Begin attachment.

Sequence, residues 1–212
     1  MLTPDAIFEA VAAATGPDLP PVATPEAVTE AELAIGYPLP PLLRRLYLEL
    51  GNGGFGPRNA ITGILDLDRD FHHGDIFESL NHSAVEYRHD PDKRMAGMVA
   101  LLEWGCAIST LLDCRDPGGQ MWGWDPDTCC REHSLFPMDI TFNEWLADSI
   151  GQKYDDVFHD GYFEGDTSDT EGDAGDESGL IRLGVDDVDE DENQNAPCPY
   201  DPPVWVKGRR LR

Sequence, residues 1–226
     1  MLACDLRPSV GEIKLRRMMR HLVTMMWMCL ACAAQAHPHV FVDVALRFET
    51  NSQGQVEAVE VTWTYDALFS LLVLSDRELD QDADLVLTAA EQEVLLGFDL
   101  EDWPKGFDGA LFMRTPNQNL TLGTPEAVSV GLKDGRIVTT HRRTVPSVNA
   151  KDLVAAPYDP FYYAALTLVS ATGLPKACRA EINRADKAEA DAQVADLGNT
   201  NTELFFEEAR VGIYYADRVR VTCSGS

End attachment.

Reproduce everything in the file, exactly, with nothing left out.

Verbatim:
Sequence, residues 1–212
     1  MLTPDAIFEA VAAATGPDLP PVATPEAVTE AELAIGYPLP PLLRRLYLEL
    51  GNGGFGPRNA ITGILDLDRD FHHGDIFESL NHSAVEYRHD PDKRMAGMVA
   101  LLEWGCAIST LLDCRDPGGQ MWGWDPDTCC REHSLFPMDI TFNEWLADSI
   151  GQKYDDVFHD GYFEGDTSDT EGDAGDESGL IRLGVDDVDE DENQNAPCPY
   201  DPPVWVKGRR LR

Sequence, residues 1–226
     1  MLACDLRPSV GEIKLRRMMR HLVTMMWMCL ACAAQAHPHV FVDVALRFET
    51  NSQGQVEAVE VTWTYDALFS LLVLSDRELD QDADLVLTAA EQEVLLGFDL
   101  EDWPKGFDGA LFMRTPNQNL TLGTPEAVSV GLKDGRIVTT HRRTVPSVNA
   151  KDLVAAPYDP FYYAALTLVS ATGLPKACRA EINRADKAEA DAQVADLGNT
   201  NTELFFEEAR VGIYYADRVR VTCSGS